Eating the wrong foods can trigger nausea and vomiting or make diarrhea worse. For example, fatty foods digest slowly, meaning they take longer to leave your stomach, which can make you nauseous. Sweet foods can also cause problems, as too much sugar can make diarrhea worse.

Some foods to avoid are:

  • Dairy products

  • Raw vegetables

  • Strong spices

  • Fried foods

  • Sweets

Anti-diarrheal medications

The frequent, watery diarrhea that comes with norovirus can be hard to cope with, but, "in general, antidiarrheal medications are not needed," says Malani. Norovirus generally clears up within a day or two, but if you are still having diarrhea, even while eating bland food, over the counter medication can help.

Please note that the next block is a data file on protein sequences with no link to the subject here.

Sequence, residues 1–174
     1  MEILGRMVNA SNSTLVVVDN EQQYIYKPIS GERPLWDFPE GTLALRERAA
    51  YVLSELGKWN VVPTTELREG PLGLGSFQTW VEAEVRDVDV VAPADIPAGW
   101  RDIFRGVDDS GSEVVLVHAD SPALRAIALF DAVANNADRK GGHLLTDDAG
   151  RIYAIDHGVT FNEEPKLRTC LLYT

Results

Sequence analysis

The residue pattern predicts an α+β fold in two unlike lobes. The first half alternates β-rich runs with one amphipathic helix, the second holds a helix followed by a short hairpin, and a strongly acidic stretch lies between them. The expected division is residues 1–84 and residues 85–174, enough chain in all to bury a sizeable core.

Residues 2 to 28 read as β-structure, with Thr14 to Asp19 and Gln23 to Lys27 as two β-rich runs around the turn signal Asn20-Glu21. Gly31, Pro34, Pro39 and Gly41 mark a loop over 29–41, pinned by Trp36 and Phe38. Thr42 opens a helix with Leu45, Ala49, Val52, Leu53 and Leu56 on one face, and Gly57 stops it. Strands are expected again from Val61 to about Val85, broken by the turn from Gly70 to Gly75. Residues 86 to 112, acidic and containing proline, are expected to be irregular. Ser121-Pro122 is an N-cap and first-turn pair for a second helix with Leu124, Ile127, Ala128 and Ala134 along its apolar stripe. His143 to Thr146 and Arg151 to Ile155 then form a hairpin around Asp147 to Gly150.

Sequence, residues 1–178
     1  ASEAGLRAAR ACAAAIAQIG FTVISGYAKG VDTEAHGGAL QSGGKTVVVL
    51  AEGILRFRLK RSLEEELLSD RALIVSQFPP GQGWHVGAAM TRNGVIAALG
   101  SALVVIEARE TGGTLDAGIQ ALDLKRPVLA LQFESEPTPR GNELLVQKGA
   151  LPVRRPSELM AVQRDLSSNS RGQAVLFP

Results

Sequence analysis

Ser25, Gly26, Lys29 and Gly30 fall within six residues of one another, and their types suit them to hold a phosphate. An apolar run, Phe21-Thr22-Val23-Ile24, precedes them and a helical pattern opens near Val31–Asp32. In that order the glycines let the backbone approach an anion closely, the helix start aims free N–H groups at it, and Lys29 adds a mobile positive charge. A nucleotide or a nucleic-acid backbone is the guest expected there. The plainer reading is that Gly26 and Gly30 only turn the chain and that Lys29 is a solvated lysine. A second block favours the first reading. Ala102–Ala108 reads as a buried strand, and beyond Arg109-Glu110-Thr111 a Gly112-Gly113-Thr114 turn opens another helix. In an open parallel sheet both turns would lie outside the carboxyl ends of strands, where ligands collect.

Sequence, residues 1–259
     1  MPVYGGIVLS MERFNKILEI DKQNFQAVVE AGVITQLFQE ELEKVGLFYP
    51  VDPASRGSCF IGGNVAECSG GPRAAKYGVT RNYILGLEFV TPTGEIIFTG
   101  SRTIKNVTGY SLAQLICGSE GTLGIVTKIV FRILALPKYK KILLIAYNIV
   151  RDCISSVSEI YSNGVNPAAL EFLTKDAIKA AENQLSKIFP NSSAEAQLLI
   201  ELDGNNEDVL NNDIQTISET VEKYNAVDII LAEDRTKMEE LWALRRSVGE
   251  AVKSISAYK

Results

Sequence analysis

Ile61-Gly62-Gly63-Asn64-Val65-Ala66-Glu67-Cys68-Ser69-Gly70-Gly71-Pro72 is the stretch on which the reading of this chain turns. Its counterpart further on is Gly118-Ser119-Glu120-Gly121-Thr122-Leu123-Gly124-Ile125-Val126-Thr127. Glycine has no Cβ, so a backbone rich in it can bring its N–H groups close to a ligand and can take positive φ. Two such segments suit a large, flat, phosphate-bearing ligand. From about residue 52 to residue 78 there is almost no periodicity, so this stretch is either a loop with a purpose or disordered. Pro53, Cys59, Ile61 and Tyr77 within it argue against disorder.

Anti-diarrheal medications work by slowing down your digestive system, giving your intestines more time to absorb water from your stool, firming it up. Some of the most common antidiarrheal drugs you can find at a pharmacy are

  • Loperamide (Imodium) 

  • Bismuth subsalicylate liquid (Pepto-Bismol)

  • Bismuth subsalicylate pills (Kaopectate). 

You can use antidiarrheal drugs temporarily, but "it's a good idea to check in with your doctor if these symptoms go on for more than a few days," Malani says.

How to prevent norovirus